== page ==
The supreme achievement of the people of the Nile Valley in the late fourth millennium BC was the vision, ultimately brought to reality, of the political unity and coherance of the entire Valley, from the First Cataract to the Mediterranean. The river itself was the catalyst which gave life to this unprecedented and audacious concept, which had no parallel in any other part of the world at the time. The Valley was an entity by reason of the common way of life which the river made possible for its people as riverine agriculturalists. The bounty of the river was common to all; from it all drew their means of living at a level of prosperity probably otherwise unknown in the late Neolithic world.
The river gave generously but it could also withhold its bounty. The cycle of the seasons induced a sense of the regularity of nature and of the advantage of order. To ensure the fertility of the land required a degree of organisation, discipline, technique and social responsibility not to be found in any other part of the world at the time.
From the Valley people’s recognition of their common destiny, expressed through their sharing of the Valley’s unique resource, emerged in due time the political construct which was its logical, perhaps inevitable, outcome: the nation state. It is perhaps unlikely that anyone, even an Egyptian of the sort of genius with which the Valley seems at this time to have been quite disproportionately endowed, ever articulated such a concept so specifically. Nonetheless, the creation of the nation state was the irresistible consequence of the processes which came surging up out of the Valley people’s collective unconscious at this time.
It may be said (though such a suggestion is unlikely to go wholly unchallenged) that early Egypt’s unique contribution to the human experience was the recognition and naming of the archetypes which go to make up an ordered human existence. Of such archetypes the most enduring and universal was undoubtedly the concept of the kingship.
It cannot be said with absolute certainty when the kingship first emerged in Egypt. The historiographical and Egyptological convention is to define the historical period in Egypt, beginning around 3150 BC by identifying a series of ‘Dynasties’ into which the rulers of the unified country are grouped. Such dynastic groups may or may not be directly related familially; frequently they were, and certainly in the earliest periods the succession seems usually to have been in the direct line.
It is assumed that the original political structure of the Valley was a network of greater and lesser principalities or chieftaincies, each with its ruling family, customs and tutelary divinities. Certainly, in historical times the Valley showed a pronounced tendency to fragment into local centres of control whenever the central authority of the kingship weakened, as happened not infrequently over the course of the next three thousand years. Equally, there was always a degree of competition amongst the entities whom we call ‘the gods’, with otherwise quite obscure local divinities, through the vagaries of politics and the rise to power of a family of regional magnates, achieving the status of national, even perhaps, universal divinities: a situation not unknown in later, less illustrious cultures than Egypt’s.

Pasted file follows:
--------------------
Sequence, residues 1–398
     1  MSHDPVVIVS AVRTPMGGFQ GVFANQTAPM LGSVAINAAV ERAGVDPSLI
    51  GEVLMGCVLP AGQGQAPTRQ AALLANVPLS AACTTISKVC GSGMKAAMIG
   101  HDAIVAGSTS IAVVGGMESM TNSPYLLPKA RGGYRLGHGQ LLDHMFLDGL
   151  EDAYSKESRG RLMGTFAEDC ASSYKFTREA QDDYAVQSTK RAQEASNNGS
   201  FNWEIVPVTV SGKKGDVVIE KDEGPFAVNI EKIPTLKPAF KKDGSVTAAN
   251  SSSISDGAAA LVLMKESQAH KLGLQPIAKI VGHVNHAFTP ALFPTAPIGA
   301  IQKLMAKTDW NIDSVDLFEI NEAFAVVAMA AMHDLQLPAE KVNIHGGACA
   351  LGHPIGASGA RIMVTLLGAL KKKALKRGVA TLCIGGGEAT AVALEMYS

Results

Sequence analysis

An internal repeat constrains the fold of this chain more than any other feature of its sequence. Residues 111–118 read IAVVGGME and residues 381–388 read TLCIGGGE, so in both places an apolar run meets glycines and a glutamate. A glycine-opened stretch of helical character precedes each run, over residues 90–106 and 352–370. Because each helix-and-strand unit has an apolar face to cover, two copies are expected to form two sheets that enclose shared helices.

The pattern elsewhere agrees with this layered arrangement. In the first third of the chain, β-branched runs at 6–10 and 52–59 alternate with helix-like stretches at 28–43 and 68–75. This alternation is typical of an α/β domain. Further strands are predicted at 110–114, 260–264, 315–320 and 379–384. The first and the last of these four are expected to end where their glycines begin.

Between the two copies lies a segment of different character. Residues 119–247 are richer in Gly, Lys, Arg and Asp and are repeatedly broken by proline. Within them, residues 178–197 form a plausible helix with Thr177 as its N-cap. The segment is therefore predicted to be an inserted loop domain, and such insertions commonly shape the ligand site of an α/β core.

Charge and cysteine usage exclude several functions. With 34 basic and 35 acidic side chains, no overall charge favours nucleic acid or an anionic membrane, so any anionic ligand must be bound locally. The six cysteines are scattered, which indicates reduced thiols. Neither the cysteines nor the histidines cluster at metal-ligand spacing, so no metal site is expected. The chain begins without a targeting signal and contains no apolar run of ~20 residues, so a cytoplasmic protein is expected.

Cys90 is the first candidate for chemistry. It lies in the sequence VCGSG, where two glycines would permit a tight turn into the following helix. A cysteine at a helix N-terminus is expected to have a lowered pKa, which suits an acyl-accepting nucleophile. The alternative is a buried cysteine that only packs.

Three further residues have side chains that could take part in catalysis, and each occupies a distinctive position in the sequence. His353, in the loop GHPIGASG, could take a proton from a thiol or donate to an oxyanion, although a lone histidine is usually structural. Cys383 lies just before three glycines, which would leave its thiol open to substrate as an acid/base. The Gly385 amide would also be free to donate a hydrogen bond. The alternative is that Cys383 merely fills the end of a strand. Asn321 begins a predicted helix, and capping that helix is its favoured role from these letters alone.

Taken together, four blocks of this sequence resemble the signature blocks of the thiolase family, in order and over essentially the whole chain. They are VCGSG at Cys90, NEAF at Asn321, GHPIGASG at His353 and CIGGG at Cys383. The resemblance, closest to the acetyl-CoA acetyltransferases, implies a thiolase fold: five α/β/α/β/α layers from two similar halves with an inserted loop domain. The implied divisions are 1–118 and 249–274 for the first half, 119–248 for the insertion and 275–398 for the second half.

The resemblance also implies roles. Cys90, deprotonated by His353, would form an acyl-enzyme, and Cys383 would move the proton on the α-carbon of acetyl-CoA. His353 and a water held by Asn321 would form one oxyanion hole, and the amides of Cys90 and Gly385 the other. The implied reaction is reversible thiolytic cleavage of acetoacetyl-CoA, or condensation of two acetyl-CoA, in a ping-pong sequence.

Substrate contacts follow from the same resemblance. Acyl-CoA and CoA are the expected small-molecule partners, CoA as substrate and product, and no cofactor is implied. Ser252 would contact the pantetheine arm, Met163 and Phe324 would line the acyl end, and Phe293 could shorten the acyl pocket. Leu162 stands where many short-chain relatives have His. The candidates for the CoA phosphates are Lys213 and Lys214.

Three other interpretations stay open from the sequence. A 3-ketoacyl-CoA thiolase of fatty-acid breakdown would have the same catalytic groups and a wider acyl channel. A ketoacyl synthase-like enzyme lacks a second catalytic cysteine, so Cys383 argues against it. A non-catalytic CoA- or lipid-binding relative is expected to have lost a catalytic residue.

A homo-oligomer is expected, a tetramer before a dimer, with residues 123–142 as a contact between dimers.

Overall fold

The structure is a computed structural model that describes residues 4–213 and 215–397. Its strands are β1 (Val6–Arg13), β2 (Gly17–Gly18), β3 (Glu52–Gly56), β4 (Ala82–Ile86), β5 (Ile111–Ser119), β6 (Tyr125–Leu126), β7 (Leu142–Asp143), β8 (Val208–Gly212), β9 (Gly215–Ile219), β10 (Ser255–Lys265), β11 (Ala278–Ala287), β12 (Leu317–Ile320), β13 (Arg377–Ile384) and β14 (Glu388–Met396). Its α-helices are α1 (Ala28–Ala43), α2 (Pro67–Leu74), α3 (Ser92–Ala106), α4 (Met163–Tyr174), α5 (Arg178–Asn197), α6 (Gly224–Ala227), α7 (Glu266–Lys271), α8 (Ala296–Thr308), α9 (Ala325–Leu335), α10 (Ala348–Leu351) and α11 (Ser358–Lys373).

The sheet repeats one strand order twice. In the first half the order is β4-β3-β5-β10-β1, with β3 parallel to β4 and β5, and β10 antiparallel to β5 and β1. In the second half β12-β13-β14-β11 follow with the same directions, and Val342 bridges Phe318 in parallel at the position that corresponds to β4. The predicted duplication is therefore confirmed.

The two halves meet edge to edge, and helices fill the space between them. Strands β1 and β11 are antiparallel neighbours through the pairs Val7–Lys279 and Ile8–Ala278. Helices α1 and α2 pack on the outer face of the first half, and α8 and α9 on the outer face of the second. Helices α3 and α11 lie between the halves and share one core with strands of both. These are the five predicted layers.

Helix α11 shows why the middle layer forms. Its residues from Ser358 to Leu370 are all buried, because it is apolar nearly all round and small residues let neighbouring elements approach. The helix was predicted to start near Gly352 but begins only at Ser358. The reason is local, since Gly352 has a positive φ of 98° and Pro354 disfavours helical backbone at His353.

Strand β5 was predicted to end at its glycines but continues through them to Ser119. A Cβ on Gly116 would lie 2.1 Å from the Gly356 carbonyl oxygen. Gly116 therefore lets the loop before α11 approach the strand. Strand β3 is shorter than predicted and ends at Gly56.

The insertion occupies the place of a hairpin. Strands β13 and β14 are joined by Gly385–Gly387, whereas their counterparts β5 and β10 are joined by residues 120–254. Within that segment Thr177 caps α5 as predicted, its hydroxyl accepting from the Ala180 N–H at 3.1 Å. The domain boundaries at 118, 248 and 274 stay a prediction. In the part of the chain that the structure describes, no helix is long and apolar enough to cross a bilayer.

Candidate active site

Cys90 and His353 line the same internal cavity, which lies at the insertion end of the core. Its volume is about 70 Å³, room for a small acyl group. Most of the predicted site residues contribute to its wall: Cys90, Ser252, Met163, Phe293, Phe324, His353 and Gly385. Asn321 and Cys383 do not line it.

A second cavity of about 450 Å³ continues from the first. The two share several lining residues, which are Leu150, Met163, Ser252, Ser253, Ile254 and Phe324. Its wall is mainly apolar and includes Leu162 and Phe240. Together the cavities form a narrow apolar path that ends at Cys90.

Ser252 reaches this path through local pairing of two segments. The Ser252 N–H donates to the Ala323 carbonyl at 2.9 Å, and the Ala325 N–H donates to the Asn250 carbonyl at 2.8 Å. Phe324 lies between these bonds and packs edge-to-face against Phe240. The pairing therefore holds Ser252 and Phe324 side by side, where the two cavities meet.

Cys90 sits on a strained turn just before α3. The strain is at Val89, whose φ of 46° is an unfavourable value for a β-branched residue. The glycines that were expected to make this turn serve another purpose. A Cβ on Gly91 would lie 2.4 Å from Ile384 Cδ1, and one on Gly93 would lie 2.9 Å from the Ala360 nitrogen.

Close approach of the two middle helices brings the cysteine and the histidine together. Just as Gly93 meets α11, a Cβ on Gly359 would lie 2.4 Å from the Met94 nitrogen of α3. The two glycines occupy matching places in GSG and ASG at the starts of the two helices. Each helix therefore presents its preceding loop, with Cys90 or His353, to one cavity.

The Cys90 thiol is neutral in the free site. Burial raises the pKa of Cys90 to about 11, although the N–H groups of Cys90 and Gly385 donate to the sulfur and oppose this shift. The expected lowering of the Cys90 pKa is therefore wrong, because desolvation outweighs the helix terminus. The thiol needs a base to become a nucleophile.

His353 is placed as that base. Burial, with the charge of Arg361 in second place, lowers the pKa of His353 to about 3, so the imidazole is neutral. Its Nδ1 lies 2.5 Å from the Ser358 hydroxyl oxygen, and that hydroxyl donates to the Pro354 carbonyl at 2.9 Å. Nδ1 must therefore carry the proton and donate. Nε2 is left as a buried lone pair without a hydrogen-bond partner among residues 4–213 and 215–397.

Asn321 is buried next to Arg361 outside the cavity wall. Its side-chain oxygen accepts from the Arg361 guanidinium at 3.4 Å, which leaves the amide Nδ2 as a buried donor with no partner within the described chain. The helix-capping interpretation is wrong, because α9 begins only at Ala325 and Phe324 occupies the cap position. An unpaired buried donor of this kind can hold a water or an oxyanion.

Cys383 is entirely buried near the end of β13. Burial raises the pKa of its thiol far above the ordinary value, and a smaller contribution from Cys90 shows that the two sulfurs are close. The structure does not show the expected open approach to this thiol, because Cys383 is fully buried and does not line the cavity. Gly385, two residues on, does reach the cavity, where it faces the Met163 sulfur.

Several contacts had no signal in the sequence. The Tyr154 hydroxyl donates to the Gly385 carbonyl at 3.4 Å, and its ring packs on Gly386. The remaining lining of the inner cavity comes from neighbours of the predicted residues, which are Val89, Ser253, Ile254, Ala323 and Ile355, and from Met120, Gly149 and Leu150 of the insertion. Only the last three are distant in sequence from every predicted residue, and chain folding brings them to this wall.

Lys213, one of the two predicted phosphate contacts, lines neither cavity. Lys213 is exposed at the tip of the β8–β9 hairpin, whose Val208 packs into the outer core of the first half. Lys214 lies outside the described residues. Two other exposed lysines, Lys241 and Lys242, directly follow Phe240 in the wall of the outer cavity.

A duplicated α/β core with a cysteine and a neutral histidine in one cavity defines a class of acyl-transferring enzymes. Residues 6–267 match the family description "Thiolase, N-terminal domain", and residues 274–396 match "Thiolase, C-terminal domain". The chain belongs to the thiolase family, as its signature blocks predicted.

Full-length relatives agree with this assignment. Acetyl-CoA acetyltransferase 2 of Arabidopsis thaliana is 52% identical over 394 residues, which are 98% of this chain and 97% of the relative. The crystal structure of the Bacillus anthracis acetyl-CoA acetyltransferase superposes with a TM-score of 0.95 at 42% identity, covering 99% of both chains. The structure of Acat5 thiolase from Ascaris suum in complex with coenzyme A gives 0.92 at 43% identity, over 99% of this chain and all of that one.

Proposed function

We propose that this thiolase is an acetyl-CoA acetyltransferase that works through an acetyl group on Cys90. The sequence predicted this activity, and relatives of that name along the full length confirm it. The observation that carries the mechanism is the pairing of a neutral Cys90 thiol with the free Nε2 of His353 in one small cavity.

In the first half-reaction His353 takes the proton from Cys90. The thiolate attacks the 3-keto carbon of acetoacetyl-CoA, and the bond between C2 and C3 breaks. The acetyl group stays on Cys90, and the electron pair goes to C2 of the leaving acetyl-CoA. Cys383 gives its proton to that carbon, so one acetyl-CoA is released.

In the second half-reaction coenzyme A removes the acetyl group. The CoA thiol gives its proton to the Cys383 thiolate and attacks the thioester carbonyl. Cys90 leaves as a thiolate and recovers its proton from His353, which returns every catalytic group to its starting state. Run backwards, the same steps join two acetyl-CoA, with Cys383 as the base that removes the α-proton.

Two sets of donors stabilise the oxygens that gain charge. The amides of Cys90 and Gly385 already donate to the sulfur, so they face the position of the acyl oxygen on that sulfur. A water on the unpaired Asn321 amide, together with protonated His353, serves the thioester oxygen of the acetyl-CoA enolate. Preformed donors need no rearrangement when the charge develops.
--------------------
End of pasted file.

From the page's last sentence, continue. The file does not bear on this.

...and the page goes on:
The kings of the First Dynasty established the capital of the notionally united country at the point where the two principal divisions of the country, Upper and Lower Egypt, the southlands and the north, met, near the modern capital of Cairo, at the city which the Greeks knew as ‘Memphis’. From the earliest times the kings seem to have claimed sovereignty over the entire Two Lands, though the actual process of unification took a long time to be realised.
The arrival of the First Dynasty of kings marks an absolute change in the nature, organisation and iconography of Egypt. There are some indications in the Predynastic period of the forms which later will come to be regarded as immemorially Egyptian, but the differences between Egypt in the times before the kings and Egypt during dynastic times are far greater than any similarities which can be identified. The creation of the Egyptian kingship was so momentous an event that the world was never entirely to be the same after it, for the naming of the archetypes had identified and released them into the common consciousness of humanity. From this time onwards, from the end of the fourth millennium BC, the pattern established in Egypt was to be repeated in many regions of the world, the product not of diffusion but of a similar response to similar social needs and opportunities and the demands of each people’s collective unconscious.